1820 - Birthday of John Bartlett (d. 1905) at Plymouth, MA.  American editor and compiler (Bartlett's “Familiar Quotations,” 1855).  Though he had little formal education, he created one of the most-used reference works of the English language after being asked continuously for information on quotations while working at the University Book Store in Cambridge, MA.  No quotation of his own is among the more than 22,000 listed today, but in the preface to the first edition, he wrote that the object of his work “originally made without any view of publication” was to show “the obligation our language owes to various authors for numerous phrases and familiar quotations which have become household words.”  The eighteenth edition, which came out in 2012, was edited by poet, critic, and Editor Geoffrey O’Brien, also the editor-in-chief of the Library of America.
    1834 - My son Dash, who attended diving school in the U.S. Navy could tell you more, but the first practical diving suit was patented by Leonard Norcross of Dixfield, ME, for a “water-dress.” It consisted of an airtight rubber garment to which was attached a brass cap or helmet that rested on the shoulders. The cap was connected to an air pump on the boat by means of a rubber hose. The feet were weighted with heavy lead shot.
    1834 - Isaac Fisher, Jr. of Springfield, VT, was granted four patents on his invention he called “sandpaper.”
    1846 - John Frémont launched the Bear Flag Revolution and established the California Republic, an unrecognized breakaway state that, for twenty-five days in 1846, militarily controlled the area to the north of San Francisco Bay.   Several American immigrants in Alta California rebelled against the Mexican government. The immigrants had not been allowed to buy or rent land and had been threatened with expulsion from California because they had entered without official permission. Mexican officials were concerned about a coming war with the United States coupled with the growing influx of Americans into California. The rebellion was soon overtaken by the beginning of the Mexican-American War.  The name "California Republic" appeared only on the flag the insurgents raised in Sonoma.  It indicated their aspiration of forming a republican government for California. The insurgents elected military officers but no civil structure was ever established.  The flag featured an image of a California grizzly bear and became known as the Bear flag and the revolt as the Bear Flag Revolt.  The current flag of California is a derivative of the Bear flag.  William. B. Ide served as President of the Republic of California until July 9. Governor Vallejo was also taken prisoner during the skirmish and was moved to Sutter's Fort.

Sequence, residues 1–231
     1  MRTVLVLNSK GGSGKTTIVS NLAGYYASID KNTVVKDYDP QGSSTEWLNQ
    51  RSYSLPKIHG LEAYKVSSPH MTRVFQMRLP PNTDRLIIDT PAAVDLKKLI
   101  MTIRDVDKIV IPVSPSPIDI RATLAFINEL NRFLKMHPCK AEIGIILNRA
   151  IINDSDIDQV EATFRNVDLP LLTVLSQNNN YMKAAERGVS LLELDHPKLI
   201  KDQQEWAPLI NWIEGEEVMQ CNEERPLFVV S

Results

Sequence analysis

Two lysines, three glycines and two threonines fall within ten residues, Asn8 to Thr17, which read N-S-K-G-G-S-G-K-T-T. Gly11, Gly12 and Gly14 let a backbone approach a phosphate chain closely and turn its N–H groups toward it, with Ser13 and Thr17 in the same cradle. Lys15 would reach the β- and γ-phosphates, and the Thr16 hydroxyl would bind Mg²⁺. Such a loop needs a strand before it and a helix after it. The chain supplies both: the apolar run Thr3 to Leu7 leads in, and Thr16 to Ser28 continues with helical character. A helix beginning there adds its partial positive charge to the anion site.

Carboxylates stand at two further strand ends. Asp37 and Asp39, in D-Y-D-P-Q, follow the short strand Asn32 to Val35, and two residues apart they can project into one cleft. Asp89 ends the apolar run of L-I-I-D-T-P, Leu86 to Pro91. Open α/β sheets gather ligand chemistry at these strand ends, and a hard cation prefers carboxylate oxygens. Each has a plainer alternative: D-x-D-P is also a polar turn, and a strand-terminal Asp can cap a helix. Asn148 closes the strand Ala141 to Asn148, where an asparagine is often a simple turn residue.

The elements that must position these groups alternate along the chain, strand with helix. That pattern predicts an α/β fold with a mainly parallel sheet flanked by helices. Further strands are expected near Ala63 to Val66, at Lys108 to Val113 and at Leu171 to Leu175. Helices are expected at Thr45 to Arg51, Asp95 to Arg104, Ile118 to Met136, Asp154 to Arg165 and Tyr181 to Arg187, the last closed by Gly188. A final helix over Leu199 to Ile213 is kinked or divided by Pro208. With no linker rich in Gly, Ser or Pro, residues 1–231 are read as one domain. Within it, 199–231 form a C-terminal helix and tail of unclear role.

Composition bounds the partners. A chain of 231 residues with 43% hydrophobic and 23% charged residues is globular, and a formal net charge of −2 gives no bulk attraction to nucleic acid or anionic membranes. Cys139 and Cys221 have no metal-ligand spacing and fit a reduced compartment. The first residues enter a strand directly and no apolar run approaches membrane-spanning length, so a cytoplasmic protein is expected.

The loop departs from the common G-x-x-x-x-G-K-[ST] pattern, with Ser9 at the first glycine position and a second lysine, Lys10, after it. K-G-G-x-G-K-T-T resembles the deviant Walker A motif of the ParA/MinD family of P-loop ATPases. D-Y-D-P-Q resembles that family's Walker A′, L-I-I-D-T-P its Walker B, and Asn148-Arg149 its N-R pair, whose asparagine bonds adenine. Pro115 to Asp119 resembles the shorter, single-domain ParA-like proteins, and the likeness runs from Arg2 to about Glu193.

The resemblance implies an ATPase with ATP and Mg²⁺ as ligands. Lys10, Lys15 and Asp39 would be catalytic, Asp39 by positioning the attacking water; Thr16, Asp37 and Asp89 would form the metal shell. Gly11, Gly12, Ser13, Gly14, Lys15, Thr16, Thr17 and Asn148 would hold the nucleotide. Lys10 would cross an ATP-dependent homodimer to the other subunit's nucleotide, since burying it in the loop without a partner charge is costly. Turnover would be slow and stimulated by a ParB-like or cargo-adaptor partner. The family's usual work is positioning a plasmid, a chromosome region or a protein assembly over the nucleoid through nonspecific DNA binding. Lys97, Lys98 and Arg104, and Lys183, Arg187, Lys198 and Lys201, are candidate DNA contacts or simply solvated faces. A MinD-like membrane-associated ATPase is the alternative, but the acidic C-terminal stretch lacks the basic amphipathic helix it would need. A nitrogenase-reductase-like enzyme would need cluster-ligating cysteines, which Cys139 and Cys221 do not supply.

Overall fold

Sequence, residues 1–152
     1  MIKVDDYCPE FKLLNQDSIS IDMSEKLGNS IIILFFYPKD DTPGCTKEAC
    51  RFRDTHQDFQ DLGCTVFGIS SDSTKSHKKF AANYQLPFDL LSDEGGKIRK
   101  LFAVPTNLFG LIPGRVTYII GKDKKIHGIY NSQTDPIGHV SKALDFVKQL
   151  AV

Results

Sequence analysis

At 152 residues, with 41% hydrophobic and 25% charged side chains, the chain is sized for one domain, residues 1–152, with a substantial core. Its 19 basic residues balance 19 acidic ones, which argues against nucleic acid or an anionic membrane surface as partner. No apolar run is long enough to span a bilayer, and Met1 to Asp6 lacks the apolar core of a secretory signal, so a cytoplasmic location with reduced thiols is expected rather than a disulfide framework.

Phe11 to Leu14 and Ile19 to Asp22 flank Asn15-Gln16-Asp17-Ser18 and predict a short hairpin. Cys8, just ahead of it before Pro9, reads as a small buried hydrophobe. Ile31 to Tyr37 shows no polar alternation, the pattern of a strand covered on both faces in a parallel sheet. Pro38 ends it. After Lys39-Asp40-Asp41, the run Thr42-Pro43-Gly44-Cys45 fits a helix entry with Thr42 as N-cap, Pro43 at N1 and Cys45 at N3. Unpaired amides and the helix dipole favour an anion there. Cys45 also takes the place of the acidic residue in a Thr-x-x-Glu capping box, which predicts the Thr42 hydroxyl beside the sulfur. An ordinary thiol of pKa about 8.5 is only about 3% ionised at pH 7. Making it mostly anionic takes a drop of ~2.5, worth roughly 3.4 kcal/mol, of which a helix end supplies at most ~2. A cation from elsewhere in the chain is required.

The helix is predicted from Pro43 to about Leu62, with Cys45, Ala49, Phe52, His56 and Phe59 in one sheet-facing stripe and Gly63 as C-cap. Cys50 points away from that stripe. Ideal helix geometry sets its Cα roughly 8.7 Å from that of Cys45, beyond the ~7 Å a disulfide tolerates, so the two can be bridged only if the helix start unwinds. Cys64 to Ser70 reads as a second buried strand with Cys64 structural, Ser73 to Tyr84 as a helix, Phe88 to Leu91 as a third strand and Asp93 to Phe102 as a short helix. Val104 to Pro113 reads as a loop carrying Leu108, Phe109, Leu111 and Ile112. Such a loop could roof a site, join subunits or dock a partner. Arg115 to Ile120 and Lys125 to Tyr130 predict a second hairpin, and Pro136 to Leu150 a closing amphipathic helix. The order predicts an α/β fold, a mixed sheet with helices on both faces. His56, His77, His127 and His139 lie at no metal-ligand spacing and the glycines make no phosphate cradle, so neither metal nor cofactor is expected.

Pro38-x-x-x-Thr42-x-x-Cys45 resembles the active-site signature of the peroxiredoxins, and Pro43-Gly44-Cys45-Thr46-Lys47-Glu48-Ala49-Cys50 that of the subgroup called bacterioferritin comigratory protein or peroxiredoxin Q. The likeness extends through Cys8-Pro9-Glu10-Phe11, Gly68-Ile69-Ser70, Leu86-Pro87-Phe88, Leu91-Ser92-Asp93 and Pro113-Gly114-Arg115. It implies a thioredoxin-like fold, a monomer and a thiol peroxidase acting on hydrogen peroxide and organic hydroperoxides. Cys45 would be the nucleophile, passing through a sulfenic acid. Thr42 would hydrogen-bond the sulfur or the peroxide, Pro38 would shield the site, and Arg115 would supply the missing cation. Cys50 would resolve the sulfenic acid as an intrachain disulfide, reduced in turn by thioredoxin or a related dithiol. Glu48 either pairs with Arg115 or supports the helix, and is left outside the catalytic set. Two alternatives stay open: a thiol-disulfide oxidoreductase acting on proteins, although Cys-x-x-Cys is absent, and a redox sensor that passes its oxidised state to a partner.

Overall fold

1848 - The San Francisco "California Star" ceased publication because the staff had rushed to the gold fields.
    1850 - Howard Engine Co. No. 13 and Sansome Hook and Ladder Co. No. 3 organized in San Francisco. The Sansome Company carried fifty-foot ladders, the largest in the state. The company also had charge of the powder magazine at its Montgomery St. quarters for use during conflagrations. Third Great Fire destroyed the area between Clay, California and Kearny all the way down to the Bay. 300 more buildings were lost, and the damages were $5,000,000. The fire started in the Sacramento Bakery at the rear of the Merchants Hotel at Clay and Kearny streets.
    1863 – The 2d Battle of Winchester was part of the Gettysburg Campaign. As Confederate Lt. Gen. Ewell moved down the Shenandoah Valley toward Pennsylvania, his corps defeated the Union Army garrison, capturing Winchester and numerous Union prisoners.  The victory cleared the Valley of Federal troops and opened the door for Lee's second invasion of the North. The capturing of ample supplies justified Lee's conceptual plan to provision his army on the march. The Federal defeat stunned the North and Secretary of War Stanton called for additional militia to be federalized. Shortly afterwards, President Lincoln requested 100,000 volunteers to repel the threatened invasion. The casualty ratio, favoring the South, in this engagement was amazing, the most lopsided for an engagement of this size in the entire war. It's no wonder that Confederate artillerist Maj. Robert Stiles wrote, "This battle of Winchester ... was one of the most perfect pieces of work the Army of Northern Virginia ever did." 
    1864 - US Congress ruled that Black soldiers must receive equal pay.
    1864 - The James River Bridge, the longest (2100 ft.) pontoon bridge ever used in war, was constructed in eight hours by 450 Union engineers. Extending from Windmill Point to Fort Powhatan in Virginia, the structure enabled Grant's forces to cross the James River and to move on Petersburg, a vital communications center south of Richmond. The next three days, at the Battle of Petersburg, Union forces were unable to take the strategic city in the face of what historians call the brilliant strategy by General Robert E. Lee. The actual siege continued until April of the following year:  Battle of Five Forks, April 1; evacuation of Richmond and Petersburg, April 2; Union forces occupy Petersburg, April 3; Gen. Lee surrenders to Gen. Grant at Appomattox, April 9; President Lincoln is shot by John Wilkes Booth, April 14.